The material is all A36 mild steel. As I do not have the original design drawings, I would need to carefully measure and produce them. Not an easy process, as most of the inner hull above the waterline has a thick layer of sprayed foam, obscuring exactly where the welds are, and the weld dimensions.

    The full frames in this build are 2 3/4 by 3/8 steel, floating from the hull plating, except in some bilge sections, where they are welded. Frames are mostly spaced 26" apart. Naturally, frames are thoroughly welded to longitudinal stringers. Longs are welded to the plating intermittently after the first couple inches out from the frames from what I see so far. The boat has a very heavy stem bar 3" by 1/2" running from stem to stern. The first chine hull plating in the bow is 1/4". By my eye the steep bow sections with that big stem bar are massively strong, likely way overdone by any calculations.

    So with all that, I think experienced eyes may be the best way to guide such details. I am not sure how to execute a frame strengthener in this situation, but made a guess below.

    The frame to hull gap is about 3/8". I am thinking to not weld the doubler plate to the hull, just frame and stem bar.
     

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  8. AlanX
    Joined: Mar 2022
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    AlanX Senior Member

    Adding the doubling plate to the frame will work fine for steel.

    Is your boat power or sail?
    If you provide the LWL, Tc (the midsection/maximum draft of the "canoe body") and the maximum speed of your boat (if it is a power boat),
    I can calculate the maximum design pressure (based on AS4132.1).

    What is the span of the frame between the keel and the first major longitudinal member (usually the chine)?
    And displacement in tonnes?
    Based on the frame spacing (26") I can calculate the required section modulus of the midsection frame (worst case).
    As I have the frame section, the notch size, the frame spacing and span, and material type, I can calculate the worst case required section modulus and the frame section modulus.

    Note: I am not a NA so you need to make your own assessment as to the suitability of my estimates for your purpose. As they say, this is for educational purposes!

    Regards AlanX
     
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  9. rxcomposite
    Joined: Jan 2005
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    rxcomposite Senior Member

    Great. Another definition that I can add to my vocabulary. I can't seem to pin the definition of "limber hole, drain hole, air hole" in the illustration the OP has posted. I know it is supposed to be at 20% of the span.

    You did post an image of that end connection here a long time ago. Please post it again. A picture is worth a thousand words.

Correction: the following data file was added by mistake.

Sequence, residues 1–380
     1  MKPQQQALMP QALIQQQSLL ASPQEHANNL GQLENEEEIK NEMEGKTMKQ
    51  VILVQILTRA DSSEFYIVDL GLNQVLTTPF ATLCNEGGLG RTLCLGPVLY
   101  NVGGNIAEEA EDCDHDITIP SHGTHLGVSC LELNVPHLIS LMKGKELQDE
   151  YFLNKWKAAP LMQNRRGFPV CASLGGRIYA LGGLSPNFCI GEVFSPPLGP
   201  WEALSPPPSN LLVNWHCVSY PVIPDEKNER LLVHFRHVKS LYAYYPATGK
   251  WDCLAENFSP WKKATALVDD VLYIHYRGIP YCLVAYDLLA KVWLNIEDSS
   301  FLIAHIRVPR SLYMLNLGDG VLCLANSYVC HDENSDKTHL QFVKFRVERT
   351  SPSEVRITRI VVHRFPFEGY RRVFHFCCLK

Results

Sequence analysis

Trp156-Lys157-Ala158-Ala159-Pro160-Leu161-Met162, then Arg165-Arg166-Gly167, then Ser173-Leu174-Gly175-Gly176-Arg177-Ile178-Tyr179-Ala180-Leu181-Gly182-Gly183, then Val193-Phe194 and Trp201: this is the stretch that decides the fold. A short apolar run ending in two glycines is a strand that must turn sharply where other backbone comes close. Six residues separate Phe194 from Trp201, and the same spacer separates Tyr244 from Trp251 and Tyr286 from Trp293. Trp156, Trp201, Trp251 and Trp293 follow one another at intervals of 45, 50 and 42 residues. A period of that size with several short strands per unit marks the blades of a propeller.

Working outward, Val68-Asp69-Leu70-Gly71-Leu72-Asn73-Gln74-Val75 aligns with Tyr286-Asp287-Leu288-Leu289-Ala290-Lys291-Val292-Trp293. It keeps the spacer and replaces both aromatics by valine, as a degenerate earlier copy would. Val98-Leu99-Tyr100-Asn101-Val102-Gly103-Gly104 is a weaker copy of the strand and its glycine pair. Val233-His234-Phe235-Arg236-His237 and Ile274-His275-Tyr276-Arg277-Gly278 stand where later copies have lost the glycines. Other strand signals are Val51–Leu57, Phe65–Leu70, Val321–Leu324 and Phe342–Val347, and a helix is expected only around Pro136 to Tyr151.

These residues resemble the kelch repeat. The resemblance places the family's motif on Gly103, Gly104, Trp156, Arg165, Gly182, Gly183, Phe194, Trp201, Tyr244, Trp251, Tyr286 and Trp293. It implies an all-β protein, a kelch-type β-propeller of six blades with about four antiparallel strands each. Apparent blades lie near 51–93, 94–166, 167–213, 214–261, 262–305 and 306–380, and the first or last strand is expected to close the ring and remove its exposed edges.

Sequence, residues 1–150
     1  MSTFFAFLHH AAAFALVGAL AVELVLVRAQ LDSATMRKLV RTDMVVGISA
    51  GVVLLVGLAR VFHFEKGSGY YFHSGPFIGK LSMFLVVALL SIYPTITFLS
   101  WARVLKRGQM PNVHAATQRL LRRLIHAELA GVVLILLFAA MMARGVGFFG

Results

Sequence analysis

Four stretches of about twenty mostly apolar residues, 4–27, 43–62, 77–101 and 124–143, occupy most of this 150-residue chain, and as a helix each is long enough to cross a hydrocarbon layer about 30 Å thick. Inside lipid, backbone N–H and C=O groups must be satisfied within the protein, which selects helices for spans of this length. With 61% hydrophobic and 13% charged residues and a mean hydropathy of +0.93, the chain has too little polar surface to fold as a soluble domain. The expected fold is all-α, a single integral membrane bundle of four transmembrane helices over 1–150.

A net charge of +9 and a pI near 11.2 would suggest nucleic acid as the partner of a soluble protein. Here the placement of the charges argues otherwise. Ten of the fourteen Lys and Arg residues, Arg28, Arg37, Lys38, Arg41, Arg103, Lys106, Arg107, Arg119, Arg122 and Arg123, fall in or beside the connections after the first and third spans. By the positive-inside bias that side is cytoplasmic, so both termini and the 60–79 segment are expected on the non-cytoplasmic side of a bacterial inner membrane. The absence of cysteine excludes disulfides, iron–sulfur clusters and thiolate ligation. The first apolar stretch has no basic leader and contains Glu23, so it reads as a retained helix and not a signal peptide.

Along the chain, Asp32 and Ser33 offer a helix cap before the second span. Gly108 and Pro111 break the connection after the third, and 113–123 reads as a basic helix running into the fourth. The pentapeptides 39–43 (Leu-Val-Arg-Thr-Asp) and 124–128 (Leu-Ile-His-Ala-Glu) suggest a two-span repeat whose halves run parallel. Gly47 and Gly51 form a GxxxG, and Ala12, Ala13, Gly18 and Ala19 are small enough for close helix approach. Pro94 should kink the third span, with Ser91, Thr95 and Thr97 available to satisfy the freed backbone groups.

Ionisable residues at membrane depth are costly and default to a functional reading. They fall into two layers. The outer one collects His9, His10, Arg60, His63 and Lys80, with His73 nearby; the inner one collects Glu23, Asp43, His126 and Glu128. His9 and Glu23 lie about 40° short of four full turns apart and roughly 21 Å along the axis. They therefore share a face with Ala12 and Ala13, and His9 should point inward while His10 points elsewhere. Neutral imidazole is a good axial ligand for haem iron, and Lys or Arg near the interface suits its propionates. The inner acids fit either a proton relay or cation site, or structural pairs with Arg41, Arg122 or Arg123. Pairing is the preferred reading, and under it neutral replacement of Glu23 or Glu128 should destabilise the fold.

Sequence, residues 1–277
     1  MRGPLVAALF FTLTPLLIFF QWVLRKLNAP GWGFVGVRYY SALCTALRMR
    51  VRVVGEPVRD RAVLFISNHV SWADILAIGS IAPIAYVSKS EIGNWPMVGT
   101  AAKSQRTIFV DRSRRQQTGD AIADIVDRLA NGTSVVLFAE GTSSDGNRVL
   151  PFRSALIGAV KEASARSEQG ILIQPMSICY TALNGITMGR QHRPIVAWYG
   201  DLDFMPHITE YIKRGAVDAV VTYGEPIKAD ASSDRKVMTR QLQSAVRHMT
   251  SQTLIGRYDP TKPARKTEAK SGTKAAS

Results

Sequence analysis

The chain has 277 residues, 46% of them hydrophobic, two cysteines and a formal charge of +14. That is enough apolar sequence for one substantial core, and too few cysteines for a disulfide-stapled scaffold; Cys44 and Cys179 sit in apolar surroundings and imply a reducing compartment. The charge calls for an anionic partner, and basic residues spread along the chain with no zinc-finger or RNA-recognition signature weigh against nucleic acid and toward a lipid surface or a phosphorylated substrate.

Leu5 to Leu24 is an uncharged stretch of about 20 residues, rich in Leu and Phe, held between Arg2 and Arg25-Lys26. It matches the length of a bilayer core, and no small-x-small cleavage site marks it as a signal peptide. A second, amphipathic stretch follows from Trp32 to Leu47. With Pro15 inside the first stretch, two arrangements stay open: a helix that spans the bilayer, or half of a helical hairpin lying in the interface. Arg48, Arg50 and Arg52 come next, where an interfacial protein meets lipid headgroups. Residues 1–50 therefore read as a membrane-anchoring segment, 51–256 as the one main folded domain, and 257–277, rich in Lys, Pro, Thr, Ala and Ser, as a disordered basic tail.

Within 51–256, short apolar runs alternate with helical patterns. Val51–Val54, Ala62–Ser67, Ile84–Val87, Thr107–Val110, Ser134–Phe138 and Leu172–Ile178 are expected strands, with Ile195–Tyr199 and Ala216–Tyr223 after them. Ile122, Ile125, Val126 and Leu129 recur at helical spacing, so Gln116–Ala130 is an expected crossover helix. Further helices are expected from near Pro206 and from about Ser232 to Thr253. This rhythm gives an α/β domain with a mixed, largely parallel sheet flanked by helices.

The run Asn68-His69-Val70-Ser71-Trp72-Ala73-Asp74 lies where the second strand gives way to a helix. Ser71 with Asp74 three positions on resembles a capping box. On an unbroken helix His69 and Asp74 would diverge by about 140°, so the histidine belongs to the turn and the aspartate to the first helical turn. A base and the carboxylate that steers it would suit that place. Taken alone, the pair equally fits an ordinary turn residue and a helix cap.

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  10. Steelboat
    Joined: Feb 2022
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    Steelboat Junior Member

    Hi Alan
    An interesting calculation, thanks for your efforts. Here are those data.
    Sail type: displacement hull, maximum speed about 7.8kn
    LWL: about 36 ft
    Canoe body draft: about 4 ft
    Stem bar (centerline) to first longitudinal stringer 9"
    Stem bar to first chine: 19"
    * at the area of repair
    Yes, heavily built.
     
  11. Steelboat
    Joined: Feb 2022
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    Location: Seattle

    Steelboat Junior Member

    Hmm. 20% of the height of the frame? Any source on that rule?
     
  12. AlanX
    Joined: Mar 2022
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    AlanX Senior Member

    I don't need displacement for a sail-boat.

    The span I need is from the keel to the first main (serious) stringer.
    I am going with 19" as it makes a square panel.

    Results:
    Basically there is a large reserve/excess safety factor for a clean frame member (x5).
    With a 17.5 mm radius limber hole reserve safety drops to 2.8.
    With a 25 mm radius limber hole reserve safety drops to 2.1.
    So I see no problem making the limber hole larger.

    AlanX
     

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  13. rxcomposite
    Joined: Jan 2005
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    rxcomposite Senior Member

     
  14. Steelboat
    Joined: Feb 2022
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    Steelboat Junior Member

    Thanks Alan. That is a whole lot of amazing calculations. Perhaps it is confirmation bias that I like your results? 2:1 sounds good, but I might just weld in a doubler, and keep that safety factor of 5 ;)

    Are you on the study path to becoming a NA? It seems you must be close. Great work understanding those concepts.
     

  15. AlanX
    Joined: Mar 2022
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    Location: Perth, Western Australia

    AlanX Senior Member

    No, I am a retired mining engineer.
    I did a structures unit 40 years ago.
    I have been an amateur boat designer/builder for perhaps 18 years.
    Regards AlanX